The funded level of all UK private sector pension funds was 95% as of the end of February, up from 93% at the same time last year, according to JLT Employee Benefits.
“Despite the continued political turmoil in Westminster and across the EU, the last month has seen little change to the aggregate position for FTSE 100 pension schemes,” Charles Cowling, chief actuary of JLT Employee Benefits, said in a release.
“Recent inflation figures have been positive and markets are holding up despite the increasing uncertainty and proximity of a potential Brexit endgame.”
The total assets for all UK corporate pension funds was just under £1.56 trillion, with aggregate liabilities of just under £1.64 trillion for a deficit of £82 billion. This is compared to assets of £1.53 trillion and liabilities of £1.64 trillion for a deficit of £107 billion at the end of February 2018.
Among those pension funds, the funded level for the FTSE 100 corporate pensions and the FTSE 350 pensions was 98% and 97%, respectively, up from 97% and 96%, respectively, at the end of February 2018.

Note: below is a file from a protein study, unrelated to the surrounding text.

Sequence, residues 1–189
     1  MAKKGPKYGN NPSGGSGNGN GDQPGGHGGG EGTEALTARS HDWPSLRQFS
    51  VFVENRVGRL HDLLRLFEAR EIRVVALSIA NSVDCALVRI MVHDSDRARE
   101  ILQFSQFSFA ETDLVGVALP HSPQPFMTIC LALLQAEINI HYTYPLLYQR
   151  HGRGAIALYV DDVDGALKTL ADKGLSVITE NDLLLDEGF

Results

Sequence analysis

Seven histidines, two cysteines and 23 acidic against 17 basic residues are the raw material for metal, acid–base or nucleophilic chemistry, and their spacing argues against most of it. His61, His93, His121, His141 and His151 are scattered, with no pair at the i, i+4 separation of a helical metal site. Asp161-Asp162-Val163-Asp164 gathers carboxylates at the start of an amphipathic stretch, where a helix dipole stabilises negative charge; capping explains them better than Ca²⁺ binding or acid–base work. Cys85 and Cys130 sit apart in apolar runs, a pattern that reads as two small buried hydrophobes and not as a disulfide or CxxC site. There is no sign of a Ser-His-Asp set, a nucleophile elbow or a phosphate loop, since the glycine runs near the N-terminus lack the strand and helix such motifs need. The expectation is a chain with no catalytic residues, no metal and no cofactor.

The deficit for the FTSE 100 pensions was nearly cut in half over the past year from £24 billion at the end of February 2018 to £13 billion at the end of February 2019. The FTSE 100 pensions had assets of £646 billion and liabilities of £659 billion, compared to assets of £667 billion and liabilities of £691 billion at the end of February 2018.
Cowling said that regardless of whether the UK leaves the EU with or without a deal, the outlook for pension deficits suggests a high risk of more volatility and potentially higher pension deficits.
“The Bank of England has said that with the uncertainty around Brexit, the next move in interest rates could be in either direction,” said Cowling. “This could be bad news for pension schemes—many of which are effectively gambling on markets and, in particular, interest rate rises to bail them out of uncomfortable deficit positions.”